decided: May 9, 1969.
PENNSYLVANIA OSTEOPATHIC ASSOCIATION, APPELLANT
Appeal from order of Court of Common Pleas of Erie County, Sept. T., 1966, No. 31, in case of Dr. Richard W. Cooney v. Pennsylvania Osteopathic Association.
Thomas D. Caldwell, with him Walter A. Dart, Jr., and Caldwell, Fox & Stoner, for appellant.
J. S. Jiuliante, Jr., for appellee.
Bell, C. J., Jones, Cohen, Eagen, O'Brien, Roberts and Pomeroy, JJ. Opinion by Mr. Justice Eagen. Dissenting Opinion by Mr. Justice Cohen. Mr. Chief Justice Bell joins in this dissenting opinion.
[ 434 Pa. Page 359]
In this action the plaintiff sought and gained a decree in the court below declaring him to be a valid honorary member of the Pennsylvania Osteopathic Association. For the reasons which follow, the decree must be vacated.
The action was instituted by the filing of a petition for a rule to show cause. This procedure was improper. A complaint in equity was the correct course to pursue: Garrett v. McHenry, 403 Pa. 451, 170 A.2d 363 (1961), and 2 Pennsylvania Standard Practice, 473 et seq. Cf. also, Hemphill v. Lenz, 413 Pa. 9, 195 A.2d 780 (1963).
But since the aggrieved party entered no objection to the form of the action, and since in its brief it indicates that it treated the action as one in equity, we, too, shall so consider it. However, another obvious defect then appears in the record.
The chancellor entered a final decree from which the present appeal was entered. A chancellor must first file an adjudication which includes a decree nisi
[ 434 Pa. Page 360]
to which either party may file exceptions within twenty days, and if such are filed, these exceptions must then be reviewed by the court en banc before a final decree is entered. See Goodrich-Amram Procedural Rules, §§ 1517-1, 6 and §§ 1518 and 1519. An appeal does not lie from the decree of the chancellor, but rather from the final decree. Sessa v. Melnick, 420 Pa. 257, 216 A.2d 56 (1966).
Since the chancellor failed to file a proper adjudication, and denied the parties the opportunity of filing exceptions thereto and a review thereof by the court en banc, the decree will be vacated and the record remanded with directions to proceed in accordance with the Rules of Civil Procedure.
It is so ordered. Costs to abide the result.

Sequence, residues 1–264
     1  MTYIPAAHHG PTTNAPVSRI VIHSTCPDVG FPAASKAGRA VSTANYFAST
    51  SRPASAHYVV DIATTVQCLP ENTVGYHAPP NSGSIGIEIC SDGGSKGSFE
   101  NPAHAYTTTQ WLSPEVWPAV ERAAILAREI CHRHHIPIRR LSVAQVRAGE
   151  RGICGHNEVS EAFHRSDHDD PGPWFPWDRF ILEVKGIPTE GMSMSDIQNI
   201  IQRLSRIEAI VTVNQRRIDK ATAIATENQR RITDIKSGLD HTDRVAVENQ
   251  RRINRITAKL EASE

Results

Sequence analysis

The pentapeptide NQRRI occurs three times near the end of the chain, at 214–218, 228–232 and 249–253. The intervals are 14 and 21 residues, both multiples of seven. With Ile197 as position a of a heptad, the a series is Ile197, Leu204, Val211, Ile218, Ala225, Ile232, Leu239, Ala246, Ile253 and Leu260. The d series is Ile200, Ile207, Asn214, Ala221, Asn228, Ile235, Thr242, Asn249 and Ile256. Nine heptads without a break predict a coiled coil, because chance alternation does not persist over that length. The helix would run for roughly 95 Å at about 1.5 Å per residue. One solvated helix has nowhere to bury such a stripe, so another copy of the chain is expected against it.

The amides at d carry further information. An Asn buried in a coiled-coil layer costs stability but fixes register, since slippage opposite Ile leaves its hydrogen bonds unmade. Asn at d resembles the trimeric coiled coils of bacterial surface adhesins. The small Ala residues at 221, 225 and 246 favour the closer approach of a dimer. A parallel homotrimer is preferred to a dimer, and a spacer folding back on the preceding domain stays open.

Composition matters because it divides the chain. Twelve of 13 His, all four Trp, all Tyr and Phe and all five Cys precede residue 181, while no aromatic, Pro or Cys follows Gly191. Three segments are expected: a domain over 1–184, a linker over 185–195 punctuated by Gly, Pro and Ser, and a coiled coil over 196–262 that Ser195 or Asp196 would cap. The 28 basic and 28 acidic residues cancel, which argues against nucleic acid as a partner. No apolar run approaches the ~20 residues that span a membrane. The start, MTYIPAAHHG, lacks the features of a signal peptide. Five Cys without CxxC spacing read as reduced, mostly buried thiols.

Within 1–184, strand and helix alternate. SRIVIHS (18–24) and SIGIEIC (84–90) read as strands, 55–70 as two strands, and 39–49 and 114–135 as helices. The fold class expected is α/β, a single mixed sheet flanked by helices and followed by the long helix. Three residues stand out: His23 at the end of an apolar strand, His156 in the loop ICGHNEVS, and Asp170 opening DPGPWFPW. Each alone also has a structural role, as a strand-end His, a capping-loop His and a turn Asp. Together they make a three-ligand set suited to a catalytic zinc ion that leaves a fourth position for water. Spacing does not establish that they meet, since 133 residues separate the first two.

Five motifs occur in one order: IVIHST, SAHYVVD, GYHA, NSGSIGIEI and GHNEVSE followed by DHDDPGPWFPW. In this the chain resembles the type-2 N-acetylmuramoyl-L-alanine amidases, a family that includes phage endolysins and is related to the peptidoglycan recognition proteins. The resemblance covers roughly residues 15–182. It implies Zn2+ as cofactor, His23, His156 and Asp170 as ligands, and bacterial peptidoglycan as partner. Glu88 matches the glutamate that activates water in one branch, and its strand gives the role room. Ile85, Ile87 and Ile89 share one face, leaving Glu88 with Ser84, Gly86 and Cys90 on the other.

Decree vacated and record remanded.
Dissenting Opinion by Mr. Justice Cohen:
In Commonwealth v. Dauphin County, 354 Pa. 556, 562, 47 A.2d 807 (1946), Justice Linn, in commenting upon the institution of an action by a petition for a rule to show cause, said: ". . . we must call attention to the fact that there is no statutory authority to begin this suit by a petition for a rule to show cause. No suit was pending when the rule to show cause was allowed by the court; its jurisdiction had not attached to anyone; there was no proceeding to which the motion for the rule could be auxiliary. If any proposed respondent had disregarded the motion and rule, the court could not have proceeded as for default because the court had never obtained jurisdiction over the person by summons or similar process authorized to confer jurisdiction over the person. Short v. School District of Upper Moreland Township, 108 Pa. Superior Ct. 503, 505, 165 A. 669, was a suit begun by petition for a rule to show cause why federal employes should not be exempt from certain taxes. Judge Parker said:
[ 434 Pa. Page 361]
'The rule should not have been granted, and it was properly discharged.' In other words, a rule is not properly original process in any case, but is auxiliary, and for the facilitating of jurisdiction already acquired: Mitchell, Motions and Rules, p. 3. . . ."
The majority recognizes that the institution of this proceeding by petition and rule is improper but proceeds to an adjudication because the parties treated this action as one in equity. I would not permit the parties to create their own jurisdiction and would vacate the order of the lower court and dismiss the petition, and require the institution of a proper action.
© 1998 VersusLaw Inc.